FYI, I know I’m speaking in gross generalizations here. Clearly, enough people enjoyed Sonic because the sequel is already greenlit. Let’s try another beloved IP as an example—one with a large, healthy fan base of true devotees who praise the transformative nature of an individual director’s impression on their universe. Let’s talk about Star Wars.

Please use this time to forcibly exhale and calm your anxiety.

It’s OK if you didn’t like the sequels. I’m just going to say it though: Rise of Skywalker is fun. It’s a lightweight adventure with a lot of joy, not unlike Return of the Jedi. Rian Johnson’s The Last Jedi is interesting. It’s a darker reflection of the franchise examining itself, like Rey in the force-mirrors and Luke’s force-encounter with Vader in Empire. And Force Awakens is as Star Wars as it gets. My enjoyment of one kind of story doesn’t negate my ability to enjoy another. Sure, they’re all different, and I have my own personal ranking system for the films that I think are stronger than others. But it’s OK to like them if you like them. Don’t hide it. Despite some of Rise’s incredibly cringe-worthy moments (and there are many), there is happiness in the cheese.

Where I’m going with all of this is that we as creatives and artists need to do better at finding that happiness in the art we consume. There is always a time and place for criticism, and healthy criticism is vital to the survival and growth of any artistic community. There needs to be mutual respect between creative and consumer after all, like any salesperson of any product. However, life is just too damn short to prevent yourself from enjoying something as an adult that you, as a kid, would have gone crazy over, merely because it didn’t have a screening in Cannes.

When I was applying to graduate film school, some “coaching” I received from certain academic individuals was to only discuss my affection for films of a certain pedigree. Here I was working on my essay about the personal impact films like The Blues Brothers, Animal House, and My Cousin Vinny had on my development as an filmmaker and comedy writer; and this advisor of mine recommended I swap those out for Paul Thomas Anderson and Wes Anderson (affinity for Both Andersons is apparently the secret to getting into film school I’m told). Needless to say, I bombed those applications because I wasn’t being truthful about my own enjoyment or sensibilities. The one program I rolled the dice with and talked about my love of musical absurdity, f-bombs, and car crashes in my interview is the one that said yes.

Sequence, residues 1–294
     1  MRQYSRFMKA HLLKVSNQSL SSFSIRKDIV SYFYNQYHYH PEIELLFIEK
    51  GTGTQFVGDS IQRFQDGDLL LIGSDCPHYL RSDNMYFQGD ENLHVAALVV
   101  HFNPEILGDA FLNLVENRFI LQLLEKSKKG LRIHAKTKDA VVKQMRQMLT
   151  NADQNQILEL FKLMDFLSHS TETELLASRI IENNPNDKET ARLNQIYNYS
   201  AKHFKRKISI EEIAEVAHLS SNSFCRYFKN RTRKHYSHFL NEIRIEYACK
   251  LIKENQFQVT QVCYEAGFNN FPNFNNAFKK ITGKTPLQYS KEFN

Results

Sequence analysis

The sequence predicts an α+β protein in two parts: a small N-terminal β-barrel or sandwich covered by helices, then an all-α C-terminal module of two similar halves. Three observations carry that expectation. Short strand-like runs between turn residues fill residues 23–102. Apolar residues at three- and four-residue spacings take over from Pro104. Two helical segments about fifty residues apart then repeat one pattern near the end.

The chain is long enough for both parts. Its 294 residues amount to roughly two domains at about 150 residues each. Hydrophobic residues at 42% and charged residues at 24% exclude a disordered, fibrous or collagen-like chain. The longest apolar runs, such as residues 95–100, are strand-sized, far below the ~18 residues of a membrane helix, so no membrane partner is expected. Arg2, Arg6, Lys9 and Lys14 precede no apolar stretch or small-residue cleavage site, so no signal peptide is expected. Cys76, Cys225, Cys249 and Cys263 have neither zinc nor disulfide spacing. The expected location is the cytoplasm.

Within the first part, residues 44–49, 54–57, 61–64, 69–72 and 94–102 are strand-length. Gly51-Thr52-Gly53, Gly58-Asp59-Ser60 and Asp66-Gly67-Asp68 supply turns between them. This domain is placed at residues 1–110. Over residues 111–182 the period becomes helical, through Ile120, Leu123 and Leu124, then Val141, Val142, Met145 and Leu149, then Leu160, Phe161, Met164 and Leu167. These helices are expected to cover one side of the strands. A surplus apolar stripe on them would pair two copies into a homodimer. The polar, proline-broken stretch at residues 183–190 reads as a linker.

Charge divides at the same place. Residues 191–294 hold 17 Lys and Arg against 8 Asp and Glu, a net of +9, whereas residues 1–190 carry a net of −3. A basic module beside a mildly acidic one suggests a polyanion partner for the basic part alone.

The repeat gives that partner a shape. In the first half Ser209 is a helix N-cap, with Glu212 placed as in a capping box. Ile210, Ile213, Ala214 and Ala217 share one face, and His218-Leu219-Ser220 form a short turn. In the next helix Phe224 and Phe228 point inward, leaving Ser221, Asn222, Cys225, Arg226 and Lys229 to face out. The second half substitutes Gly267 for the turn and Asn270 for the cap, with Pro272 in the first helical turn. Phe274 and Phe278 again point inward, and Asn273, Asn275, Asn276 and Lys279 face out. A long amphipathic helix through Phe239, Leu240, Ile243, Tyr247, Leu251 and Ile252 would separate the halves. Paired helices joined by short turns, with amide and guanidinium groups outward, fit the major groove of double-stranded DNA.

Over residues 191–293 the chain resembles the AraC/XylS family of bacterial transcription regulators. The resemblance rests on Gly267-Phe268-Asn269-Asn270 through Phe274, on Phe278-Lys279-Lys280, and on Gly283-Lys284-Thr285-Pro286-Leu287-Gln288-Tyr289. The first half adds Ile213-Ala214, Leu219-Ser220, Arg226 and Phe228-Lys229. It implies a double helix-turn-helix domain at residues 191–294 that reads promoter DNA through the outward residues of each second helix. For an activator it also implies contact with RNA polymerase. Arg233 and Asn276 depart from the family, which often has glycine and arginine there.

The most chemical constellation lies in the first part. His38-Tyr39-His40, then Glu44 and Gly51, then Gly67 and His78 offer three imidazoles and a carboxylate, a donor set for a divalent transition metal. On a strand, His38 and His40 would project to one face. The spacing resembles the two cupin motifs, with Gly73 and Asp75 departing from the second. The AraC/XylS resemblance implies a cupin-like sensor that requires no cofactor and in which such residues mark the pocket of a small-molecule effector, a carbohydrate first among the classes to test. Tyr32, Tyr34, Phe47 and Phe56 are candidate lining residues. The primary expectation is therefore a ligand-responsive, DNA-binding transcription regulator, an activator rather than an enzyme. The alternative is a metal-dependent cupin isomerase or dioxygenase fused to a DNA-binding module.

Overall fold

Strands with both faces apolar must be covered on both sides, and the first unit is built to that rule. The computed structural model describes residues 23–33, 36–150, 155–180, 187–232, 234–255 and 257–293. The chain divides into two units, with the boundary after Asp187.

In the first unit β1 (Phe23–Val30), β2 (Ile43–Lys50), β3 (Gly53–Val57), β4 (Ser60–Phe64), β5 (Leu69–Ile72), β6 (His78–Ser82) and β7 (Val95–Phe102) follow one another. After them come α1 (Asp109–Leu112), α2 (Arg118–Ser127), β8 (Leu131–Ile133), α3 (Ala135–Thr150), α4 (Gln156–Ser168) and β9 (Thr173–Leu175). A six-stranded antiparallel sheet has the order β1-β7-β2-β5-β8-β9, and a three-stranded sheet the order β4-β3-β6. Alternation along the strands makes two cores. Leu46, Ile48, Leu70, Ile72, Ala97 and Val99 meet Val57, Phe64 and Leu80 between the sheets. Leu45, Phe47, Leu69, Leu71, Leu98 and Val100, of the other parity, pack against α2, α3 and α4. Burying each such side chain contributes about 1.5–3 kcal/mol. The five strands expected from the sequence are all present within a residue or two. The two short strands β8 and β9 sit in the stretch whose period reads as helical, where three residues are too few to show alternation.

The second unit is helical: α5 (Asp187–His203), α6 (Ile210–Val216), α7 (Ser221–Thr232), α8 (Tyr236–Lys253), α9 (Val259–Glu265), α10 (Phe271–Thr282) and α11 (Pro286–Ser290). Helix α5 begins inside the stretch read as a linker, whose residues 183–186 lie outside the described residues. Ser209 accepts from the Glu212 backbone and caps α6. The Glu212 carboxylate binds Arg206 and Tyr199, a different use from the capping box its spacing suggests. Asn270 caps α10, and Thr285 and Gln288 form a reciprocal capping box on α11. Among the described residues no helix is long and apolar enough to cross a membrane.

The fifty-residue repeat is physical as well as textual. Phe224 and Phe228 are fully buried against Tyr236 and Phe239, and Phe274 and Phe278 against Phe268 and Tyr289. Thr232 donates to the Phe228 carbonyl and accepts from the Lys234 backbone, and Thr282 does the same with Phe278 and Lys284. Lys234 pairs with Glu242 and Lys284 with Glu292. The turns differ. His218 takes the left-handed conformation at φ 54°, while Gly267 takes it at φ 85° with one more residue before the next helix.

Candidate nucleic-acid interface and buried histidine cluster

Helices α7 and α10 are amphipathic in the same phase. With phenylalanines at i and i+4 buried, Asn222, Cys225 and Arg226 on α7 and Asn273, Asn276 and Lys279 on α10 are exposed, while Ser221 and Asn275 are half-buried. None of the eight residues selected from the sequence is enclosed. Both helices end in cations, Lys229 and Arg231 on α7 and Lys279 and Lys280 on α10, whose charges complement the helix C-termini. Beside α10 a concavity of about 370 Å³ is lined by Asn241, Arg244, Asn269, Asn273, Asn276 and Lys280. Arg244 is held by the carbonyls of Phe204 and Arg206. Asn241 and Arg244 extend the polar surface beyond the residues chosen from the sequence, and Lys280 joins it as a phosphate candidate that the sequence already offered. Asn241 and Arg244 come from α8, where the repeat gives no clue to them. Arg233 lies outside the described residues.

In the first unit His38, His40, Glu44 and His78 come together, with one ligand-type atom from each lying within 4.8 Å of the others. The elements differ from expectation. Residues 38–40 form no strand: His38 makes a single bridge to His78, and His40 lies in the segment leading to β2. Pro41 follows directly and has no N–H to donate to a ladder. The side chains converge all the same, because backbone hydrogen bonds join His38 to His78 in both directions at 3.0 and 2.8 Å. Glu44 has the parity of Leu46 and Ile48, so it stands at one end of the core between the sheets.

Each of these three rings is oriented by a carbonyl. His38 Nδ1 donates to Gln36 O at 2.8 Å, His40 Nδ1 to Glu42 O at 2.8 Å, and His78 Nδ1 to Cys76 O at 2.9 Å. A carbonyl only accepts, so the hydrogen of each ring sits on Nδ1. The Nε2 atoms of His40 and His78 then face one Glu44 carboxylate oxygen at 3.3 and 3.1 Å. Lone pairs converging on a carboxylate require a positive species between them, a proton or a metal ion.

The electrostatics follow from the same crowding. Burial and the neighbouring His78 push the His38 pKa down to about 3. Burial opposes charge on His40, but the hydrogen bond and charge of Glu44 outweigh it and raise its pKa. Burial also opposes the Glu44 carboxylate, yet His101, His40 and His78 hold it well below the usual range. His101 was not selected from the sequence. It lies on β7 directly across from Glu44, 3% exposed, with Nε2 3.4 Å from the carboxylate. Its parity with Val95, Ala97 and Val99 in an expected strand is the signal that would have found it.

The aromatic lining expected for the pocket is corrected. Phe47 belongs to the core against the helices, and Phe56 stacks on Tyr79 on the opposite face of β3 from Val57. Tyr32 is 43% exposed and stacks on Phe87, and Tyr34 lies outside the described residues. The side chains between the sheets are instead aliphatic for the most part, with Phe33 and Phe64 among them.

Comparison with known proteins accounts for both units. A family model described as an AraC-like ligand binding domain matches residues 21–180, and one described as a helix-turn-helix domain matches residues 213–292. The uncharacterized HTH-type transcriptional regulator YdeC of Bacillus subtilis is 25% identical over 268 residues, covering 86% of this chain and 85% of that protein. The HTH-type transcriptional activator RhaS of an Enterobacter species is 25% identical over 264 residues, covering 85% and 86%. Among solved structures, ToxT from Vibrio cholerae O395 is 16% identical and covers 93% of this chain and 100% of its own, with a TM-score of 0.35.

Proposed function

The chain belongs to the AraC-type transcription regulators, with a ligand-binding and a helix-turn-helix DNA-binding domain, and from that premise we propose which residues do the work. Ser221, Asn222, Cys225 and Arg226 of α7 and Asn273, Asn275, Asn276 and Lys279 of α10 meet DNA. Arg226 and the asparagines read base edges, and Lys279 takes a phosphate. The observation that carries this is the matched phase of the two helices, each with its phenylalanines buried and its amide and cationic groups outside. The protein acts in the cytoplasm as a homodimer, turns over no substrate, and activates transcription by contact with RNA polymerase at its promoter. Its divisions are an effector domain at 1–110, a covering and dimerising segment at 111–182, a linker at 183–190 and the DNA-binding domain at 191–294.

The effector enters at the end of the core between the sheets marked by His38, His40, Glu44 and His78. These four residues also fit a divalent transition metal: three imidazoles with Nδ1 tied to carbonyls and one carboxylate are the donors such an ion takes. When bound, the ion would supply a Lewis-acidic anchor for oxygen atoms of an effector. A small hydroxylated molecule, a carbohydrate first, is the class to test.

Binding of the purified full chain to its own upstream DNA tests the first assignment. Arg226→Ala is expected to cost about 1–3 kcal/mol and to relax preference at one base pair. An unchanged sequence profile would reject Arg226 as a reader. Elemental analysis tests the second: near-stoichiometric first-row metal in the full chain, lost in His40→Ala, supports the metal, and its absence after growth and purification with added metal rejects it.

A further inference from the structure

If you truly love The Andersons, Wong Kar-Wai, Fellini, Antonioni, Godard, Scorsese, Jarmusch, Lynch, et al—I’m happy for you. I really am. The art of cinema is, in my opinion, the greatest medium we have. I hope when you watch those films, you feel the same way I do when I watch Spielberg, J.J. Abrams, Ron Howard, Jennifer Lee, James Gunn, John Hughes, Patty Jenkins, or Edgar Wright.

I hate Citizen Kane. I hate that the art community has convinced itself that work with no contemporary today must continue to be the gold standard of quality and expression. I hate that within artist circles there is this faux admiration for work that only exists because there is pressure to project that admiration. And I hate that major voices in the industry continue to tell us that The Avengers, Star Wars, Justice League, Ghostbusters, Harry Potter, Fast and the Furious, Pirates of the Caribbean, Toy Story, The Minions, and so many others are something less than “cinema.”

Sonic The Hedgehog is cinema.

I love Sonic The Hedgehog.

*Feature Photo: Orson Welles in Citizen Kane / RKO Radio Pictures

Zack Morrison is a writer/director from New Jersey and previously worked in late-night comedy. He has an MFA from the Columbia University graduate film program and is a proud Rutgers alumnus.